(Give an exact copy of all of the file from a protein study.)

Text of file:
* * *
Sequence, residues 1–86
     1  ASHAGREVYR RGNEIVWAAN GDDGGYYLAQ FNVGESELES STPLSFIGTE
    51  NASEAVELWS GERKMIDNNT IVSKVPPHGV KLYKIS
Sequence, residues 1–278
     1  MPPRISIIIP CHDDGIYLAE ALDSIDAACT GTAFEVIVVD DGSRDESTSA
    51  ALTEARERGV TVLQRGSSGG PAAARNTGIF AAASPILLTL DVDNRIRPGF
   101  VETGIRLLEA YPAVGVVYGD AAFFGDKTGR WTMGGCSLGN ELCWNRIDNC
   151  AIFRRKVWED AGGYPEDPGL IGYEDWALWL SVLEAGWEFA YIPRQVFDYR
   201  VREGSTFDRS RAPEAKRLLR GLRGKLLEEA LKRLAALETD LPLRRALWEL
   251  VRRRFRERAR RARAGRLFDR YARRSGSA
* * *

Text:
Sequence, residues 1–86
     1  ASHAGREVYR RGNEIVWAAN GDDGGYYLAQ FNVGESELES STPLSFIGTE
    51  NASEAVELWS GERKMIDNNT IVSKVPPHGV KLYKIS
Sequence, residues 1–278
     1  MPPRISIIIP CHDDGIYLAE ALDSIDAACT GTAFEVIVVD DGSRDESTSA
    51  ALTEARERGV TVLQRGSSGG PAAARNTGIF AAASPILLTL DVDNRIRPGF
   101  VETGIRLLEA YPAVGVVYGD AAFFGDKTGR WTMGGCSLGN ELCWNRIDNC
   151  AIFRRKVWED AGGYPEDPGL IGYEDWALWL SVLEAGWEFA YIPRQVFDYR
   201  VREGSTFDRS RAPEAKRLLR GLRGKLLEEA LKRLAALETD LPLRRALWEL
   251  VRRRFRERAR RARAGRLFDR YARRSGSA